Maca: The Forgotten Hormone Herb

by John Biggs BSc, NCP, OHP on February 14, 2019

Maca The Forgotten Hormone Herb

It always surprises me when a botanical like Maca root helps countless people who get good results with it, and then for some reason just seems to get forgotten about.

Originally used as an adaptogen 

When I first read about Maca in the 1990's it was discussed as an adaptogen and overall endocrine gland balancer, which includes, among others, the pituitary, pineal, hypothalamus, thyroid, adrenal and pancreas. Yet, as the uses for Maca developed it morphed more into being promoted as a sexual and hormonal tonic, which it primarily is, yet I think this kind of limits its applications.

What is Maca?

Maca is a tuber native to Peru where it grows at a particular altitude in the Andes. It has been dubbed "Peruvian Ginseng" and has been used by native populations as a nutrient-rich food, and as a tonic for increasing energy, libido, and fertility, in both sexes. [1, 2] Traditional use has applied this more to women, yet research has also shown it to improve male sperm quality and viability, and to be helpful for erectile dysfunction. [3,4,5]

What is it used for? 

Traditionally, Maca has been considered useful for normalizing menstrual cycles, and sexual problems, stimulating the immune system, improving mood and memory, being helpful for anemia.[1,2]

Claims that are listed on the Health Canada NHP database for Maca include the following:

  • Helps support healthy mood balance during menopause  
  • Helps to support emotional aspects of sexual health
  • Source of/provides antioxidants 


What are the different forms?

Maca comes in powdered and liquid forms, and the powder can be found  either in a "non-gelatinized" raw version, or "gelatinized". The non-gelatinized version still contains the largely non-digestible starch which occurs naturally in the root. Whereas the gelatinized has been put through a heat treatment and had this starch removed, yielding a more concentrated product, richer in sterols and other active constituents, of which there are many. At Optimum Health we have always found that if a person is seeking sex hormone benefits, the gelatinized form is preferable.

Yet, even though many who produce gelatinized Maca will tell you that the raw form not as beneficial, we have found that if a person is looking more for an energizing effect, a blend of gelatinized and non-gelatinized Maca does a better job.

As for a possible reason why, even though the starch may not be able  to be digested, if it can be broken down/fermented by our gut bacteria, this can have far reaching effects... just like beneficial non-digestible fiber in vegetables.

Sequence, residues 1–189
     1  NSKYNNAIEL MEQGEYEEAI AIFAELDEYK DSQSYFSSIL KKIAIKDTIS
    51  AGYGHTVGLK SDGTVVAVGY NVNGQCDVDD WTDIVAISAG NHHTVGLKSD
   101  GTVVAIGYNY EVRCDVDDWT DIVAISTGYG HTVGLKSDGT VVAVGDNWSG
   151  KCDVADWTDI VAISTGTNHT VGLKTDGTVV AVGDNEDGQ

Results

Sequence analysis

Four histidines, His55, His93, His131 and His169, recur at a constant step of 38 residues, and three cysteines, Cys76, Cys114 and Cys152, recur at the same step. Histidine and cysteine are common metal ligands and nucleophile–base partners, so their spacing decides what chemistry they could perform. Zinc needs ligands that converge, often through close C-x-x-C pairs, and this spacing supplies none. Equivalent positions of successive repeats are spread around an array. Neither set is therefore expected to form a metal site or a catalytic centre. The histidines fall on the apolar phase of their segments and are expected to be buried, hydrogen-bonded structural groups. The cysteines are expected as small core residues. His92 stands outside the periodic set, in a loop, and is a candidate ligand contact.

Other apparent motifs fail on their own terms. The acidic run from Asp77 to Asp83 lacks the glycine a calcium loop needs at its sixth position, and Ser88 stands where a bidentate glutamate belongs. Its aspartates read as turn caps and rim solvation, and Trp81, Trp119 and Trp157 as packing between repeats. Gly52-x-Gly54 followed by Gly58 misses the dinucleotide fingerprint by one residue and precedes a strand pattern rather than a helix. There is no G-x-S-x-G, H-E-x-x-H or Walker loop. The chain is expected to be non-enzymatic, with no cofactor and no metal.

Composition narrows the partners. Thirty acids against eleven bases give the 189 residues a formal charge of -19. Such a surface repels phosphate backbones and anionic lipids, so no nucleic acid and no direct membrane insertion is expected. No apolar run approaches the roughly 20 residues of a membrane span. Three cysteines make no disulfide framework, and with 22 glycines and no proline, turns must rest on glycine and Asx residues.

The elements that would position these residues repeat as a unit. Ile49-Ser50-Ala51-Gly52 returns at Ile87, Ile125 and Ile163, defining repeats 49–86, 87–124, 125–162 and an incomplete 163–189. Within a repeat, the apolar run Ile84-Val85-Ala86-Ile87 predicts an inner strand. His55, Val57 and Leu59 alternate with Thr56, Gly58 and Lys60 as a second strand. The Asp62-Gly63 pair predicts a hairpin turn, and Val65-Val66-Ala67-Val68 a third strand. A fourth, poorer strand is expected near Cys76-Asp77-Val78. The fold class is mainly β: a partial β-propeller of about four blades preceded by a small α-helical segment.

This was the rationale between the two kinds of Maca that Optimum Health offers

Our certified organic Warrior Maca is an organic gelatinized Maca (6:1 concentrate). and we have found that it is the preferable choice for those seeking hormonal regulation.   Whereas our original Certified Organic Opti-Maca is a blend of gelatinized and non-gelatinized in a 3:1 ratio., and can be more effective for those seeking energy, stamina, strength, or even mental alertness benefits.


Certified Organic Maca

My experience 

What I have seen working with Maca in my clients for over 20 years certainly is consistent with the above. Many women have found Maca to be particularly helpful for issues surrounding menopause, and PMS. And bodybuilders and men seeking help in the bedroom have also found it helpful. Yet for this you definitely need to be taking enough of it.

As an endocrine balancer and adaptogen, Maca has the ability to moderate an over-active stress response, and to provide adrenal support through its diverse nutrient and phytochemical profile. Moreover, particularly surrounding sexual and hormonal issues, I have found Maca to produce a sense of greater wellbeing, and satisfaction. People who use it simply seem happier in general, (particularly about their sex-life), and seem to handle stress better.

The Sleep Benefit

Many of my clients have also found Maca helpful for sleep, (taken right at bedtime), and this is again consistent with its general effects on the endocrine system, which includes the pineal gland that produces melatonin.

Maca has also been a regular inclusion in protocols I have put together to help couples conceive. (I say successful, because I have had the children brought back to me to be introduced!)


In general, as an adaptogen Maca can be an extremely beneficial addition to any protocol where you are seeking mood, stress, energy, sexual, or hormonal balance. So if you are one of the many who seems to have forgotten about it, remember to consider it as an addition to your quest for better health.

Until next time,

Be Well!









1. J. Agric. Food Chem. 2005, 53, 690−693. New Alkamides from Maca (Lepidium meyenii)

2. Maca: From Traditional Food Crop to Energy and Libido Stimulant.

3. Andrologia. 2009 Apr;41(2):95-9. doi: 10.1111/j.1439-0272.2008.00892.x.

Subjective effects of Lepidium meyenii (Maca) extract on well-being and sexual performances in patients with mild erectile dysfunction: a randomised, double-blind clinical trial.

4. Evid Based Complement Alternat Med. 2015; 2015: 324369.  Effect of Lepidium meyenii Walp. on Semen Parameters and Serum Hormone Levels in Healthy Adult Men: A Double-Blind, Randomized, Placebo-Controlled Pilot Study.

5. Herbal Gram, March 2012. Review of Maca – a Promising Adaptogen



Topics: John Biggs' Articles, Hormonal Health, Libido, supplements

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